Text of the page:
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  • 4-Minute Article
  • |
  • Jun 29, 2020

4 Retirement Planning Lessons From the Past

Find out what actions you can take to help protect your retirement plans.

4 Retirement Planning Lessons From the Past
Questions this article can help you answer:
  • How can I protect and manage my retirement savings during a recession?
  • What happens in a recession?
  • What can past market volatility tell me about today?

Created in Collaboration with Kiplinger.

As many investors recovered from the financial crisis of 2008, they learned valuable lessons in retirement planning. Though the current economic situation stems from a global pandemic, and past performance is no guarantee of future results, there are some earlier lessons worth drawing from that could be useful in today’s environment.

Lesson 1: Stay The Course With Your Investments

In 2008, the market’s long-term impact on retirement portfolios depended in part on investors’ reactions. Leading up to today’s economic uncertainty, Jeffrey S. was still living with the results of portfolio moves he made more than a decade earlier.

During the financial crisis, the value of Jeffrey’s Individual Retirement Account (IRA) dropped 75% and he later missed the market rebound that began in March 2009 since he withdrew funds. He tried other trading strategies to recover his losses, but nothing worked.

That unfortunately moved the time horizon for his retirement. “After the crash, it was apparent to me I could not retire at 60, which had been my goal,” explained Jeffrey, who conceded that he and his wife had to temporarily put their vision of retirement on hold.

How to put this lesson into practice:

Market losses of almost 30% in the fourth quarter of 2008 were fully recovered by the end of 2010.

Source: Faced with a Sudden Real Threat, Will Investors Learn from Lessons of the Past? Quantitative Analysis of Investor Behavior; DALBAR, Inc.; March 31, 2020.

Lesson 2: Turn Market Uncertainty Into Opportunity

Paul F. saw the 2008 financial crisis as the best thing that ever happened to him financially. But it didn’t start out that way. In October 2007, at the stock market’s peak, Paul invested the $150,000 proceeds from the sale of his Baltimore home into the market. That money then went through many market swings, but he stayed the course. “I figured [that money] would come back at some point,” he said. “I ignored the news and kept putting money into my investments the whole time.”

This slow-and-steady approach allowed Paul to pick up stocks at attractive prices near the market’s lows, putting the software engineer from San Francisco on track to retire early, and increasing his investing confidence during times of market volatility. “I feel like I have enough [money] now that I can afford the volatility,” he stated.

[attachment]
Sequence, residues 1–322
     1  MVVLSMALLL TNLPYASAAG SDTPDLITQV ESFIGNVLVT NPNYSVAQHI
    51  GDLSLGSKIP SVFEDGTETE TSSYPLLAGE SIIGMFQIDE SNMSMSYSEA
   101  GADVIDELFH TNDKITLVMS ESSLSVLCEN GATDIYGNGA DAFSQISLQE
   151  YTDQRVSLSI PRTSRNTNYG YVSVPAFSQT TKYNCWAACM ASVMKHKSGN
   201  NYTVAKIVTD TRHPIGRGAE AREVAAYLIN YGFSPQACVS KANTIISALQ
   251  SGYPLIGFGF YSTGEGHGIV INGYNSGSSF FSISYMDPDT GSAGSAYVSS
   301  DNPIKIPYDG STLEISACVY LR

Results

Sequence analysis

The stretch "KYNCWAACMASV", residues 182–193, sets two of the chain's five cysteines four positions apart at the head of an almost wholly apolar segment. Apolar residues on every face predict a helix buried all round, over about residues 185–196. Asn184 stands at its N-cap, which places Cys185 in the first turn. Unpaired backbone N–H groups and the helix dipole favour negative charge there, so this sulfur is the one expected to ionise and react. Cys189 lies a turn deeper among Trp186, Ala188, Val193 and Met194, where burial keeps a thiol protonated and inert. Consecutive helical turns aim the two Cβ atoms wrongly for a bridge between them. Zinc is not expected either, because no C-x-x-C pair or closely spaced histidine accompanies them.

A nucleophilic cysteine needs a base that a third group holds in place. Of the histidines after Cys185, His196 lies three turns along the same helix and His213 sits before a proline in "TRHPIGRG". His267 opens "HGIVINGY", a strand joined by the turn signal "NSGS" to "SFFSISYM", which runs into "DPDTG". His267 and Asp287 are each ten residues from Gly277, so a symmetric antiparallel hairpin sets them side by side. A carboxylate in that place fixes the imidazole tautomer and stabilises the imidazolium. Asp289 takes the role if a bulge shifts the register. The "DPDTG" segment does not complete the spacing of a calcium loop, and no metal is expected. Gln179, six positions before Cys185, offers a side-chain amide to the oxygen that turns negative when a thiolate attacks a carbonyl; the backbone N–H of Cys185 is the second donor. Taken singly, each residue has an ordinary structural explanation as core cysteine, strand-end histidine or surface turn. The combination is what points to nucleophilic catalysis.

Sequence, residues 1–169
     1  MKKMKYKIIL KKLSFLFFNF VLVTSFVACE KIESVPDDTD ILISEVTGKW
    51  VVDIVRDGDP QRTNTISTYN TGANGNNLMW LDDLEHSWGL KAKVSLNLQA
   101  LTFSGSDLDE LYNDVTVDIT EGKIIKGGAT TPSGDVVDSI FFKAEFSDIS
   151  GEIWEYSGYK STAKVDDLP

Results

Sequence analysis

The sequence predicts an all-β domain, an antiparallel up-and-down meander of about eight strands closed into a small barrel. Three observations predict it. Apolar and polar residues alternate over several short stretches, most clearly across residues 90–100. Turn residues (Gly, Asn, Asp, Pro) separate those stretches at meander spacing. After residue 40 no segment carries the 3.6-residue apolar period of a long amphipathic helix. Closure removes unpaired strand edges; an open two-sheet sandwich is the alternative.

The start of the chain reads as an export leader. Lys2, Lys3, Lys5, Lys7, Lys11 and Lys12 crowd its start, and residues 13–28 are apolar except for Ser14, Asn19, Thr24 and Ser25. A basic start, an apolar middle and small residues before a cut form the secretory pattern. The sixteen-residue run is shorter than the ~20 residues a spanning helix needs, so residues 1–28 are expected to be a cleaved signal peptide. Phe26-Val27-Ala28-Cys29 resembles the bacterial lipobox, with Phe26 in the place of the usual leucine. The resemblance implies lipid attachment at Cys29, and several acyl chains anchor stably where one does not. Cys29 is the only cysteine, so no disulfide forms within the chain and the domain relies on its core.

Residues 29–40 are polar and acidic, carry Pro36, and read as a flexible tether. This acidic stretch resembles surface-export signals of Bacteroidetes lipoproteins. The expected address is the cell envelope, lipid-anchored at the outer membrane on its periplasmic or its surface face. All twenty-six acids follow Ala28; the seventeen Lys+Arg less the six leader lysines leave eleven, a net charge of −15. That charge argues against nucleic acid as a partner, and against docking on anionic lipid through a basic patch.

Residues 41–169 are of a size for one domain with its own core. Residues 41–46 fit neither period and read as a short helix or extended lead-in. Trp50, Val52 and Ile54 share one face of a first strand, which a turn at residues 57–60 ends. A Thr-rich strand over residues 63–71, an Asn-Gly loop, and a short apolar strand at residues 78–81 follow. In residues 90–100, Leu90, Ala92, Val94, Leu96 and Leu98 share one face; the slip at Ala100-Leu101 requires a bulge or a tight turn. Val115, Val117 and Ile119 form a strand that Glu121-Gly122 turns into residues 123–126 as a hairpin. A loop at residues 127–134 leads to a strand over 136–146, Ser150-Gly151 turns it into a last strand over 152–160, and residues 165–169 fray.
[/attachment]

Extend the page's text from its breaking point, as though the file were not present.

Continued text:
How to put this lesson into practice:

  • Find opportunity in down markets by adopting a disciplined and long-term approach
  • Gain long-term portfolio stability by looking beyond the daily headlines and asking your financial professional to put market performance in perspective

Lesson 3: Position Your Portfolio for Resilience

Bill A. from Wisconsin, who retired five years ago from his accounting career, favored defensive, dividend-paying stocks such as food and pharmaceutical companies. Those types of holdings served him well during the 2008 financial crisis. At the time, his portfolio lost only about 25%, while the S&P 500® IndexA dropped 57% from its 2007 peak to its 2009 low.1

“You can’t wait until you retire to get defensive” with your investments, Bill explained. “You have to do it in advance.”

How to put this lesson into practice:

  • Diversify your portfolio to prepare for market unpredictability
  • Ask your financial professional about devoting a portion of investment holdings to market sectors that may be more resistant to market downturns

Boom or Bust: S&P 500 Historical Annual Returns

Lesson 4: Prepare for the Unexpected

GW P., a former chemistry teacher in Georgia, retired in 1995 with a strategy of keeping a cash reserve in the bank to cover 18-24 months’ worth of expenses at any given time. That approach became a portfolio-saver during the market downturn more than a decade ago. Because he didn’t need to sell any of his investments to cover his living expenses, GW instead pulled money from his cash reserve to help pay the bills.

How to put this lesson into practice:

  • Maintain a robust emergency fund, which can offer confidence during financial challenges
  • Connect with your financial professional to see whether adjusting cash holdings makes sense as circumstances change

 

Learn more about protecting your retirement from market volatility in 3 Questions to Ask Your Financial Professional During Market Volatility.

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